Wednesday, April 2, 2008
The Internet Community
I'm usually the last to hear about new technology and to take advantage of it.
Because I live in a remote area, I don't have high-speed Internet at home. I could get it through satellite, but right now I don't want another big monthly bill.
In a meeting where we were discussing some grassroots publicity methods for fiction, I learned about ShoutLife network and signed up to check it out. I found several of our authors on it. But now I get an influx of useless email messages from the site that I'm going to have to pull the plug on. I've gone on Facebook, too, to connect with my nieces and found an old college friend. But who really has time for all this cyber networking?
Today I stumbled upon the Paperback Swap. Now here is something I could find useful. Join for free. List at least 10 books you have that you are willing to give away, and you can start selecting books you want to have sent to you. Seems like a pretty good system for someone like me who will often buy a book and later find I have no desire to keep it or to give it to a friend. Now I can get books through here that I'm only curious about without a huge cost investment.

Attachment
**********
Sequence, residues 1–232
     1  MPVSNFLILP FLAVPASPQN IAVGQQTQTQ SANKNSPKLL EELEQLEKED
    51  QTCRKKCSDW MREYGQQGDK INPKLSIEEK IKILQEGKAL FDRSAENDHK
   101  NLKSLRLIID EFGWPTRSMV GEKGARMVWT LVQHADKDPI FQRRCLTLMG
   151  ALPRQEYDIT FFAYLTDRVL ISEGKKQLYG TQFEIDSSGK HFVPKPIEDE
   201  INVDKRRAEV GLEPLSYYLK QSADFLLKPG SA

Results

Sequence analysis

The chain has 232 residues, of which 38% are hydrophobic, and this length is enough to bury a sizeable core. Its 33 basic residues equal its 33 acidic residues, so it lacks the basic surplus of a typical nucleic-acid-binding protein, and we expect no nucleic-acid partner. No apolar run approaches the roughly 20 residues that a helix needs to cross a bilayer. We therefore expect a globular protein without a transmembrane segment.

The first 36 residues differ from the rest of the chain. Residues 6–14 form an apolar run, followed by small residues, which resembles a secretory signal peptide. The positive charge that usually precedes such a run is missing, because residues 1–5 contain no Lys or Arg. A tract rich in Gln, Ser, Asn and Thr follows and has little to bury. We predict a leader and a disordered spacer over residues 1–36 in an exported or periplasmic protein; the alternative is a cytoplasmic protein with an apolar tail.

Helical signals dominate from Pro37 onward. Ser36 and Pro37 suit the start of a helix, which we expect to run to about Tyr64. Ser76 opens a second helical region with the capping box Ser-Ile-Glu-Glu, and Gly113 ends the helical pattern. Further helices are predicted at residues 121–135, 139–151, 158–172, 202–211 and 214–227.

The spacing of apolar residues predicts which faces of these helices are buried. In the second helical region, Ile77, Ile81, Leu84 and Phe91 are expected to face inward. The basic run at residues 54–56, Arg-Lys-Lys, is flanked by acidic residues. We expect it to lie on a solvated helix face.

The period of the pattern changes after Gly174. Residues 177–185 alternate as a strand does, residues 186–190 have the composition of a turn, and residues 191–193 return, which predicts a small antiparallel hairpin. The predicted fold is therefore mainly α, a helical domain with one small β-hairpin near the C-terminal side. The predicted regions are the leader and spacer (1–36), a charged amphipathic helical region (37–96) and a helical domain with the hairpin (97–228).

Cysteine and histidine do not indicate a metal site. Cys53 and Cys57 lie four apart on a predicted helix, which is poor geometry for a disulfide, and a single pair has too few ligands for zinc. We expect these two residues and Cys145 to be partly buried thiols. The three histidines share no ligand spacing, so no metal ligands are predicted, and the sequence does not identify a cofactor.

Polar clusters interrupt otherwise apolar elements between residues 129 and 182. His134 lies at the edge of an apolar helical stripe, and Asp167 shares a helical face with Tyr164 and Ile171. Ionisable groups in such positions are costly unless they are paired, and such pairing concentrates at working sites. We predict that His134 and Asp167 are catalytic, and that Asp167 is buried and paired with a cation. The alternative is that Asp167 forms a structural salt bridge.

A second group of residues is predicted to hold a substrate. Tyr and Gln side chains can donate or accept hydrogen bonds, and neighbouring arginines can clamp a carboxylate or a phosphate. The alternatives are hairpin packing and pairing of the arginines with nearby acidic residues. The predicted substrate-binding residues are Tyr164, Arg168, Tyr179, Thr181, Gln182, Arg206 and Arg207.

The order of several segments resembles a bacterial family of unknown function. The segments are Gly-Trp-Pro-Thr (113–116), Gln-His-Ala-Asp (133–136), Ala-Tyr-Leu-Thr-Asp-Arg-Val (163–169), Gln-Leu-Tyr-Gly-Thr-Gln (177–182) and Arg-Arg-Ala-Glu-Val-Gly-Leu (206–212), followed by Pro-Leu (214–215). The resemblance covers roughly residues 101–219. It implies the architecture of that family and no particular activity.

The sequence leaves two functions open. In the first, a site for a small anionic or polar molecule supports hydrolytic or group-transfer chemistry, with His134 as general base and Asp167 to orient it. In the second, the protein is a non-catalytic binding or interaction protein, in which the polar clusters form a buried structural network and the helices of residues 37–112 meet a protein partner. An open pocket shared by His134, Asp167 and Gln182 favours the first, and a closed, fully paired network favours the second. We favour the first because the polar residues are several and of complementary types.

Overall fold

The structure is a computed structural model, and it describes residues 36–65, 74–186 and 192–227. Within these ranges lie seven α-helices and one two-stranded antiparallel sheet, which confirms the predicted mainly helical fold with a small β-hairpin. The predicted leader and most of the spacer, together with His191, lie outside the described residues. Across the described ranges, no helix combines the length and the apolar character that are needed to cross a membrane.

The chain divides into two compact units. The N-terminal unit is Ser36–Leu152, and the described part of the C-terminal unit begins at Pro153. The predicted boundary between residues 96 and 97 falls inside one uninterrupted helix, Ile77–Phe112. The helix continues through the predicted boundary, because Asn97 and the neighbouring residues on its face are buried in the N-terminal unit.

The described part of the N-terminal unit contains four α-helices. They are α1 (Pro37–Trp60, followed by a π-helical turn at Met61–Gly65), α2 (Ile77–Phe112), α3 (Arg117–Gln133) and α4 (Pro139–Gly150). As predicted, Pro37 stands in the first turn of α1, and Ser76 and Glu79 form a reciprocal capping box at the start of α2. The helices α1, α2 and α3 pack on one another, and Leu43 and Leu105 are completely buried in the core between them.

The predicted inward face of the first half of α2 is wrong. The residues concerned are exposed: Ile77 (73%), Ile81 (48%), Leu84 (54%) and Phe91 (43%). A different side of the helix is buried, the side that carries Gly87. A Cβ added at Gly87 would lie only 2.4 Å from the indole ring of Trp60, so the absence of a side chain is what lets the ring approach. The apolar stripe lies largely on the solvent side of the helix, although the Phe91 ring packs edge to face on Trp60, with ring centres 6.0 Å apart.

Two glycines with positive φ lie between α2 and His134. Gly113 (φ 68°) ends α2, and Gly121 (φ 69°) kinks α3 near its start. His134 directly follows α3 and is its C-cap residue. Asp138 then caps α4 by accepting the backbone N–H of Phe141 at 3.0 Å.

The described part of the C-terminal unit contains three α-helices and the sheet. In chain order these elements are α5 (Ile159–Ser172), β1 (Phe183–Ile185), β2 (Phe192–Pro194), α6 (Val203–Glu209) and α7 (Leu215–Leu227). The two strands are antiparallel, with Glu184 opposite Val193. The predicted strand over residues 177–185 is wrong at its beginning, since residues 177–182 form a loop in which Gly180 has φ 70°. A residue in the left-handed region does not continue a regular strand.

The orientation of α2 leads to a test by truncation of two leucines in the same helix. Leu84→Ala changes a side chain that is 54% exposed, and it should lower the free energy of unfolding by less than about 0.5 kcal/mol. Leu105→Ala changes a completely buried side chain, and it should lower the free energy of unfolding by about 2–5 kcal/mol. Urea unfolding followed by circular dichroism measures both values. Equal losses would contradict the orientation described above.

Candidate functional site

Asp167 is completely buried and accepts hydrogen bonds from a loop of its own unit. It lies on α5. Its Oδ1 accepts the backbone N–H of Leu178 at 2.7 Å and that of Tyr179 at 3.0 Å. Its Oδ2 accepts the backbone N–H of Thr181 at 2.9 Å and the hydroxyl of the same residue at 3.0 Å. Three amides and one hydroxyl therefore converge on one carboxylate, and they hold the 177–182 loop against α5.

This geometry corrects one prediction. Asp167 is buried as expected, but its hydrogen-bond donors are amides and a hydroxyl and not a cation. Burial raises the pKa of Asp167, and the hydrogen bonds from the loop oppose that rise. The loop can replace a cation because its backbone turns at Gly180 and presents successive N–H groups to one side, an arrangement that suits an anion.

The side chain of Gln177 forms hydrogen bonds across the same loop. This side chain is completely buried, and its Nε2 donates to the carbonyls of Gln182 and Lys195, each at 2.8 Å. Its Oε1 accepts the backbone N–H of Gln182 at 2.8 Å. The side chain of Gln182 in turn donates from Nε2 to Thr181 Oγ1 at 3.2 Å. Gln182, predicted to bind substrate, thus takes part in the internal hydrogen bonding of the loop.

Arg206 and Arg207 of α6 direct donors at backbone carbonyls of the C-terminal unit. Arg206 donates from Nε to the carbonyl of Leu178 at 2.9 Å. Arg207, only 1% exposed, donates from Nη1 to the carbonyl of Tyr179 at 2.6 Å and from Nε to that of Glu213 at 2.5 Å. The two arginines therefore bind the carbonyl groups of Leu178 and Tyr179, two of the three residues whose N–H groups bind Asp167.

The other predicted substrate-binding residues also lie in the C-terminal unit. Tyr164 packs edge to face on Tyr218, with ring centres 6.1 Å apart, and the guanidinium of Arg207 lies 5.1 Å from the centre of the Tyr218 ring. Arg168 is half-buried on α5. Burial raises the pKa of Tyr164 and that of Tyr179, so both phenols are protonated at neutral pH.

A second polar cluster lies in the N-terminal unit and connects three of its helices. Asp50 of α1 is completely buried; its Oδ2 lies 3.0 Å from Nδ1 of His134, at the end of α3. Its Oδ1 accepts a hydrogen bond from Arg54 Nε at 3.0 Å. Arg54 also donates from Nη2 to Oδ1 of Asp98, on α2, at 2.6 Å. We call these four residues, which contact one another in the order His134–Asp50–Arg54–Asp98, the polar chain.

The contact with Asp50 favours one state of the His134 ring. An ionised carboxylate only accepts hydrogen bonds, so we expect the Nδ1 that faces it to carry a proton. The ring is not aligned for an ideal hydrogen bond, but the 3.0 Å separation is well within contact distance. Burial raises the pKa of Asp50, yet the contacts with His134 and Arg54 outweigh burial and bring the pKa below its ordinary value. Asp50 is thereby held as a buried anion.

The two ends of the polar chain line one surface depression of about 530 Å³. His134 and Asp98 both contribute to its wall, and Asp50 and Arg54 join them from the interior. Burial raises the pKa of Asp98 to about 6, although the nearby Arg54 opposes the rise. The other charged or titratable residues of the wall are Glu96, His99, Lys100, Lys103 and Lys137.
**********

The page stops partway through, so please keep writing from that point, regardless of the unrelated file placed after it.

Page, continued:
And I see they have a DVD swap. Tempting too. I'll have to check what I could get rid of.
So is a swap like this good or bad for authors and publishers? Someone still has to buy the books to begin with to keep feeding the machine, right? Would we sell more books if swapping among friends and strangers didn't happen, or would the budget tight readers just have to go without? That's always been a question around the office when from readers' letters we guess that the average Heartsong book is probably read by at least 3 different people.
Isn't sharing the blessing of Christian literature a part of the ministry side of publishing? I guess we shouldn't worry then about sales if the bills are being met and the readers are being blessed.
Editor Du Jour Becky